Thursday, December 3, 2009–Sunday, February 28, 2010
10:00 AM–05:00 PM on Wednesday, Thursday, Friday, Saturday, Sunday
Christmas, one of the most joyful seasons for Christian communities worldwide, celebrates the birth of Jesus Christ and the dramatic events that took place during his infancy,— from his nativity in a lowly stable, to the angel’s announcement of this news to local shepherds, to Herod’s murder of all the babies in Bethlehem, and his narrow escape from that slaughter.
As it is recounted in the Christian New Testament, the Christmas story is remarkably short on specifics. In rendering the story into pictures, it fell to medieval illuminators to supply the details. Even today, popular representations of these events are based on images devised during the Middle Ages.
In the early 16th century, Cardinal Patriarch Marco Cornaro commissioned one such illuminated manuscript, the famous Cornaro Missal. A missal is a book containing all of the prayers and responses to celebrate the Roman Catholic Mass throughout the year.
In the early 1600s, the missal was bound in a Roman binding of elaborately tooled leather in a French fanfare-style design. A masterpiece of Italian Renaissance art by an anonymous artist from northern Italy, the missal was later acquired by the Austrian branch of the Rothschild family. Seized by the Nazis on the eve of World War II, the missal was returned to the Rothschilds after the war and later sold by them at auction. Now in a private American collection, the Walters plans to display the manuscript as the focus of a temporary manuscript show over Christmas.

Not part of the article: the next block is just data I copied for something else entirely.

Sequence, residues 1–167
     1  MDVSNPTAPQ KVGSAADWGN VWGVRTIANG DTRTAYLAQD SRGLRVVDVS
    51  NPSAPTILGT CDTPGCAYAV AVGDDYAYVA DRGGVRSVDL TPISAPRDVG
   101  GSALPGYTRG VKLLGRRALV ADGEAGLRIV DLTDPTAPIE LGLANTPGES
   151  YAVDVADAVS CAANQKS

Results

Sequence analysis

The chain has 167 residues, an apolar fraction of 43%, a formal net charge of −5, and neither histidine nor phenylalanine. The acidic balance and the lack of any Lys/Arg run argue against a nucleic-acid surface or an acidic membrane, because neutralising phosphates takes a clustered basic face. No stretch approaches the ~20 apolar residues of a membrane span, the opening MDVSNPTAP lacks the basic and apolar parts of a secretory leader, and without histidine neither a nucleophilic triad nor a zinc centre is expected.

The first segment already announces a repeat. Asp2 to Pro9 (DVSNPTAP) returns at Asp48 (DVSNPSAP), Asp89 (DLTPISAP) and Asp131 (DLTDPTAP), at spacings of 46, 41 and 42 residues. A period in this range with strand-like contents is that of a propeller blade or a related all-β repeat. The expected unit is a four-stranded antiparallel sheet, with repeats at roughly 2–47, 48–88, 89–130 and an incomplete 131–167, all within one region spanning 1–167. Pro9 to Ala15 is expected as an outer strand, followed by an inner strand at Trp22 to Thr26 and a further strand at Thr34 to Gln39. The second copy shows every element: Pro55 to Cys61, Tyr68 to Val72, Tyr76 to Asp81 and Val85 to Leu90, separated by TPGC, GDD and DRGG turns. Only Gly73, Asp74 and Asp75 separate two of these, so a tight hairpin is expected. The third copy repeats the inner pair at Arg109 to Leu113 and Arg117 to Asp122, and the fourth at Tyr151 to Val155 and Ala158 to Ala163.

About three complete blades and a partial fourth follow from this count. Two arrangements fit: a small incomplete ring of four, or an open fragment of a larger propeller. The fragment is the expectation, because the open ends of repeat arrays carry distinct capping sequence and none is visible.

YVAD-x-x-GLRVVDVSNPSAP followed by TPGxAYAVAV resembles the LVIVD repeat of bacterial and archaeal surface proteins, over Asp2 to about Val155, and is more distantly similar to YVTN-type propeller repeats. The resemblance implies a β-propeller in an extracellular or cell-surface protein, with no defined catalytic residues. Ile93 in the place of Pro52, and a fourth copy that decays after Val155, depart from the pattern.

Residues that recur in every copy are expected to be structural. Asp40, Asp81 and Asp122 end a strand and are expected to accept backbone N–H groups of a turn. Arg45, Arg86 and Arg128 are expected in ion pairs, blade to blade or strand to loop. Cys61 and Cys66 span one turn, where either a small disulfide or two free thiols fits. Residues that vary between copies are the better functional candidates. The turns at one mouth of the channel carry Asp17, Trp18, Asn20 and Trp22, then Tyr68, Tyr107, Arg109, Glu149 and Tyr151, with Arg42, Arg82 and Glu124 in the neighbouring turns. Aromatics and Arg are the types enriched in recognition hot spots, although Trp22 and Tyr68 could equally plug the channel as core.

View the Cornaro Missal
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The Christmas Story: Picturing the Birth of Christ in Medieval Manuscripts
As it is recounted in the Christian New Testament, the Christmas story is remarkably short on specifics. In rendering the story into pictures, it fell to medieval illuminators to supply the details. Even today, popular representations of these events are based on images that were first devised by the artists of the Middle Ages.
600 North Charles Street, Baltimore, Maryland, 21201 (The Walters Art Museum)
The Walters Art Museum
Collateral Damage: The Fate of Cultural Property during Armed Conflict
Time: 02:00 PM - 03:30 PM
The 2003 looting of the Iraq National Museum shocked the world. But
despite new efforts to save world treasures, the loss of cultural property
during armed conflicts is on the rise. Corine Wegener, Smithsonian
Cultural Heritage Preservation Officer, will talk about her work as a U.S.
Army “Monuments Man” in Iraq. Terry Drayman-Weisser, the Walters’
Director of Conservation and Technical Research, will describe damage
to Iraq’s ancient Nimrud ivories and continuing efforts to preserve Iraq’s
cultural heritage. Sponsored by the Boshell Foundation.
Gallery Drawing Family Workshop: Language of Shape
Time: 10:30 AM - 12:00 PM
NEW! Join us for a brand-new family drawing workshop! Young artists are invited to strengthen their observational drawing skills and build their portfolios while exploring works of art in the Walters’ collection. Explore the principles and basic language of shape as we learn to simplify visual complexity. Recommended for ages 9–13 and their favorite adults.
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The Art of Ancient Hairdressing
Time: 06:00 PM - 07:00 PM
See ancient sculpture in a whole new way through the eyes of hairdressing archaeologist Janet Stephens. Find out how ancient Greeks and Romans created their elaborate and beautiful hairstyles without hairspray, bobby pins, or even shampoo!